Use this URL to cite or link to this record in EThOS: http://ethos.bl.uk/OrderDetails.do?uin=uk.bl.ethos.512312
Title: Iontophoresis in paediatric medicine : non-invasive delivery and monitoring applications
Author: Djabri, Asma
Awarding Body: University of Bath
Current Institution: University of Bath
Date of Award: 2009
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Abstract:
This thesis investigated the possible use of transdermal iontophoresis in paediatric care, as an alternative strategy to the oral and intravenous routes. More specifically, the potential for non-invasive delivery of ranitidine, midazolam, and phenobarbital; and the clinical sampling of iohexol through the skin were examined. The feasibility for monitoring kidney function was assessed in vitro and in vivo using the glomerular filtration rate (GFR) marker, iohexol. Sampling of iohexol in vitro was sensitive to the changes in its subdermal concentration, and pharmacokinetic parameters estimated from skin sampling agreed well with reference subdermal values. Similar observations were confirmed in vivo in a pilot study performed in four children undergoing routine iohexol GFR test. Iontophoresis was well tolerated in all subjects and the marker was successfully extracted through the skin. In 3 of 4 subjects, the elimination rate constant estimated from skin sampling data agreed well with blood sampling results. This study demonstrated the potential of transdermal iontophoresis as a non-invasive sampling approach which could significantly improve the quality-of-life of children. Drug delivery by transdermal iontophoresis was examined in vitro for three commonly used paediatric medicaments: ranitidine, midazolam, and phenobarbital. Experiments used both intact and compromised pig skin to model the less resistant skin of premature babies. Iontophoretic delivery across intact skin was superior than passive delivery and optimised conditions were achieved by use of maximal molar fraction of the drug, higher current intensity, and appropriate vehicle pH. Pluronic® F-127 gels were suitable drug matrices for the iontophoretic delivery of ranitidine. Midazolam and phenobarbital transdermal delivery through partially compromised skin barriers was controlled by iontophoresis. Across highly compromised skin, however, passive diffusion increased drastically and iontophoretic control was lost. Overall, it was possible to deliver therapeutically meaningful fluxes of all three drugs with acceptable patch application area.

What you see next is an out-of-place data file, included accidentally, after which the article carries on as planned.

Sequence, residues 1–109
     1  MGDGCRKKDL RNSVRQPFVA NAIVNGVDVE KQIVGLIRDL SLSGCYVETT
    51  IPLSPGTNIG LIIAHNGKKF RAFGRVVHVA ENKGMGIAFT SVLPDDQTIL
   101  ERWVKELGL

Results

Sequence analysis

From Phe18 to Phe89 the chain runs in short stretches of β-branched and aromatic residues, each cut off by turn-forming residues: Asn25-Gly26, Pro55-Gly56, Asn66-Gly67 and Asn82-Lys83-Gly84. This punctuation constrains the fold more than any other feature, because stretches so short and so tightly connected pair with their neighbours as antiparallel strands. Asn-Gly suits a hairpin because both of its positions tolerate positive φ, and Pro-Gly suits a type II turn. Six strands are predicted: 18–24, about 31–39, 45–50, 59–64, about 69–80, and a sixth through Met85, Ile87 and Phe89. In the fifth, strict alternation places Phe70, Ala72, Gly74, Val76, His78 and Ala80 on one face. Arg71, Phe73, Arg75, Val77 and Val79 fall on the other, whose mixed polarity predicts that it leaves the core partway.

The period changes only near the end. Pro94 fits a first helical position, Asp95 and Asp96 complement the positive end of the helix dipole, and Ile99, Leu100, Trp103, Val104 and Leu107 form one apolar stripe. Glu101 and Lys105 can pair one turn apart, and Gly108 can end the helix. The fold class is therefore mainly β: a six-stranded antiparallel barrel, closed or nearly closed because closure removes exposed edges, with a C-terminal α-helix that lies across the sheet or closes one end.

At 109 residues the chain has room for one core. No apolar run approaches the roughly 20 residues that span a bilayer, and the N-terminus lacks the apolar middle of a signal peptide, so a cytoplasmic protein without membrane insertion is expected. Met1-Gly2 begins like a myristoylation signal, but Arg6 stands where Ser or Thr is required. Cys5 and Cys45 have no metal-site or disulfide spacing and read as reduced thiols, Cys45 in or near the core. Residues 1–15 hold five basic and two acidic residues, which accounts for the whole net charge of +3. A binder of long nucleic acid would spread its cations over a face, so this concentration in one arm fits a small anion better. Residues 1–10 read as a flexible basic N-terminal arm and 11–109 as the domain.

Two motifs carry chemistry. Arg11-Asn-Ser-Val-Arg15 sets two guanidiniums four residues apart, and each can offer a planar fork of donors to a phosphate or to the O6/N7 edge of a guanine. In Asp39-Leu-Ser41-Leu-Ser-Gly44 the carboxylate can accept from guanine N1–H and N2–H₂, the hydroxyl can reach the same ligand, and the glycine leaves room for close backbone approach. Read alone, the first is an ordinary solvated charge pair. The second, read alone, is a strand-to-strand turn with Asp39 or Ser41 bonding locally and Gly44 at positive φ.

Supervisor: Not available Sponsor: Not available
Qualification Name: Thesis (Ph.D.) Qualification Level: Doctoral
EThOS ID: uk.bl.ethos.512312  DOI: Not available
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